SWORDFERN
Rooted, I used to think.

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Giving Notice - Friday, Sept. 29, 2017
Accepting Offers - Tuesday, Sept. 26, 2017
Indian/Polish Wedding - Thursday, Sept. 21, 2017
The Builder - Wednesday, Sept. 13, 2017
Rupert Part II - Sunday, Sept. 10, 2017


Wednesday, Aug. 23, 2017 @ 5:18 pm
Chilkoot - Dyea



I wake up early. Everyone else is still in their tents. Rain is falling on the fly of the tent. This is the first day of the Chilkoot.

We were out at dusk last night, walked over to the old Dyea townsite. At the river crossing, the water was thick with spawning salmon. The sun dipped below the horizon, and a thousand red-tinged fish pushing back and forth upstream. The ghosts of the Klondikers, their wall tents and crates of supplies, thick around us.

I zip back the door of the tent, expertly flipping the material back to keep the shedding rain from falling onto my sleeping bag. I look outside. Chris is emerging, somehow synchronized precisely with my internal clock. I smile and he smiles and we both glance up at the sky and shrug. Daniel sleeps on behind me, cocooned in his sleeping bag.

I gather the kettle from the food cache and head to the river to collect water for breakfast. The campground is quiet. I stop at the privy en route to the river.

The inside of the outhouse is dark. No windows cut into the plywood walls. I sit there for a minute and consider how to deal with my menstrual cup - my period arriving with poor timing for backcountry camping. I realize with dread that if I lose the cup down the outhouse then I am absolutely hooped for the next three days. Terror sweeps over me.

I move away from the abyss of the outhouse and squat to remove my cup. It is brimming. It quivers in my hand, the firm silicone pushing and pulling on my grip. It snaps slighly and tips, and I watch the contents spill over the layers of my underwear, long underwear, hiking pants, and Goretex rain pants.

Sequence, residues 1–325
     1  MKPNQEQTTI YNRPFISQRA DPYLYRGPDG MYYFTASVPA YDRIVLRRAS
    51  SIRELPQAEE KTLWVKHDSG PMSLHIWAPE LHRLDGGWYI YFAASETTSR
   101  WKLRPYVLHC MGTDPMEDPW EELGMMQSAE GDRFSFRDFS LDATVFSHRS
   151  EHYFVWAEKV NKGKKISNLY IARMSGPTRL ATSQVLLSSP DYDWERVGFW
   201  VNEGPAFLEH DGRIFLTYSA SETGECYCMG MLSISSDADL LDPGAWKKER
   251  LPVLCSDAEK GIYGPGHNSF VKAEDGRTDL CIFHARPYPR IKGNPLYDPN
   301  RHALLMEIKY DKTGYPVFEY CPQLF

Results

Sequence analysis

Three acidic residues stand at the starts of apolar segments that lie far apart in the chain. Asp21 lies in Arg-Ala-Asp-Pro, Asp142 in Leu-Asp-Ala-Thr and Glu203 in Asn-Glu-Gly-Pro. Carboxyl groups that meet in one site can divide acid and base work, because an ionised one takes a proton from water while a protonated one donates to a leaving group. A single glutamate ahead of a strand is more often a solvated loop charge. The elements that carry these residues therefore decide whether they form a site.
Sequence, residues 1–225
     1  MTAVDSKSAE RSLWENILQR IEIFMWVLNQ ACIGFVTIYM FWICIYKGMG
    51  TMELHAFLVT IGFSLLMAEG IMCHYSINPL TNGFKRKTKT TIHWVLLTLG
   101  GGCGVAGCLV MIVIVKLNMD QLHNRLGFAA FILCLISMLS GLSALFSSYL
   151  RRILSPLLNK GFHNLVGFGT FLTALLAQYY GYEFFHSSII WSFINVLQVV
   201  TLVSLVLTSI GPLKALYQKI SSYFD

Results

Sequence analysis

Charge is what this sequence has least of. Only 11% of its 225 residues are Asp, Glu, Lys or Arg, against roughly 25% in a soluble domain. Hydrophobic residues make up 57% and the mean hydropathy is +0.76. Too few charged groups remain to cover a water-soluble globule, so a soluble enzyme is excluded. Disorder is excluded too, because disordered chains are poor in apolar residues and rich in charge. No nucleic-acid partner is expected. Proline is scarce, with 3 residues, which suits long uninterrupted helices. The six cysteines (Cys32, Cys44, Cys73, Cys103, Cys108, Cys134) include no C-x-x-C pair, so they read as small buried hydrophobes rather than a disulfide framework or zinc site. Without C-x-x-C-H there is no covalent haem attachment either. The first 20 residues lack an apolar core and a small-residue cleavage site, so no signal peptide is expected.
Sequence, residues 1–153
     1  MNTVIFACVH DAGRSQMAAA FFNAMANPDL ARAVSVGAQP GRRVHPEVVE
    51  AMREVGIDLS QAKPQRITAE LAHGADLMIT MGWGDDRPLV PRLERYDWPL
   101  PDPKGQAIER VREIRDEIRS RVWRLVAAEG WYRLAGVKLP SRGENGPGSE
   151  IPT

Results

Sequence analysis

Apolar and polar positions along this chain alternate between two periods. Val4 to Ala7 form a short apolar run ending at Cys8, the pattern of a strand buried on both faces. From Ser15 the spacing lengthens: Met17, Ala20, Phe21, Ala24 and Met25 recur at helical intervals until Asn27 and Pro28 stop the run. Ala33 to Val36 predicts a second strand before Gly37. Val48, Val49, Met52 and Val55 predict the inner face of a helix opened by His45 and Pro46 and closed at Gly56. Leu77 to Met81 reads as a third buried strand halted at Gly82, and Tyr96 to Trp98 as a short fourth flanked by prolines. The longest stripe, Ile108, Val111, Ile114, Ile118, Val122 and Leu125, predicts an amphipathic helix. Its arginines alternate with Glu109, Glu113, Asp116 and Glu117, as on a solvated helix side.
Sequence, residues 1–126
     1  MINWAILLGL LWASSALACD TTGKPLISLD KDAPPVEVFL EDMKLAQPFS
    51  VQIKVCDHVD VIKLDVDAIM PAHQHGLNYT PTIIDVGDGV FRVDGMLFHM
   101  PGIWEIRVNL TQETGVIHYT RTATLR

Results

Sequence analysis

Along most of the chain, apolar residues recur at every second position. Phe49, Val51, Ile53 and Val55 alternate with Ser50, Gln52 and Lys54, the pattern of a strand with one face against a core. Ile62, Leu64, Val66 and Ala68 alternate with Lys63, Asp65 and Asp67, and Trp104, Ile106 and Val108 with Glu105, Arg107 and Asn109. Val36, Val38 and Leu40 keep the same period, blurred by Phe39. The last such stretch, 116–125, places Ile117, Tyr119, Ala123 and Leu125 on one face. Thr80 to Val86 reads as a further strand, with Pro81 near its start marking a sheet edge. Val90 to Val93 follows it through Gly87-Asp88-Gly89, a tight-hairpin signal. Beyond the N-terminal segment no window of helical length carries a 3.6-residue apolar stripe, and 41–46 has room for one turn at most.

Fuck, fuck, fuck!

Tears well up in my eyes. Panic ensues. I wipe up as much as I can, but it's futile. I'm meant to wear these clothes for the next twelve days. I have no spare anything.

The rain pants are the easiest to get clean. I strip off everything and put the pants on over my bare legs and bottom. I stare at the pile of soiled clothes. Rain falls outside.

I walk to the river, furious, worried. I have to wash my clothes. There's no choice. Starting out on day 1 with sopping wet clothes. Not happy.

Rain drips from the hood of my jacket onto my face, the ends of my braids. I plunge my clothes into the river and knead them on rocks, pressing water through the fabric until it runs clean. Plunge, knead, plunge, knead.

I stare around me, at the wide glacial valley. I'm in Alaska, washing my clothes in a silty river. Ravens whorl overhead. Tall spruce trees drip with rain.

I push my clothes in for one last rinse, and my hand bumps into something firm but yielding. Through the silty water emerges a spawning salmon. As long as my arm, its muscled body pumping back and forth in the ebb of the river.

I watch the salmon's slow progress upstream. I look up at the sky. At my heap of wet clothes. Back and forth, back and forth, the fish pulses as it swims.

I reach out and push my hand into the water. I lay my hand gently on the side of the fish. Smooth, muscled. Silvery and red.

Beauty in the wreckage. Surviving each moment, in this wild place.

The salmon beside me, I am comforted.

Everything is going to be OK.


Roots | Shoots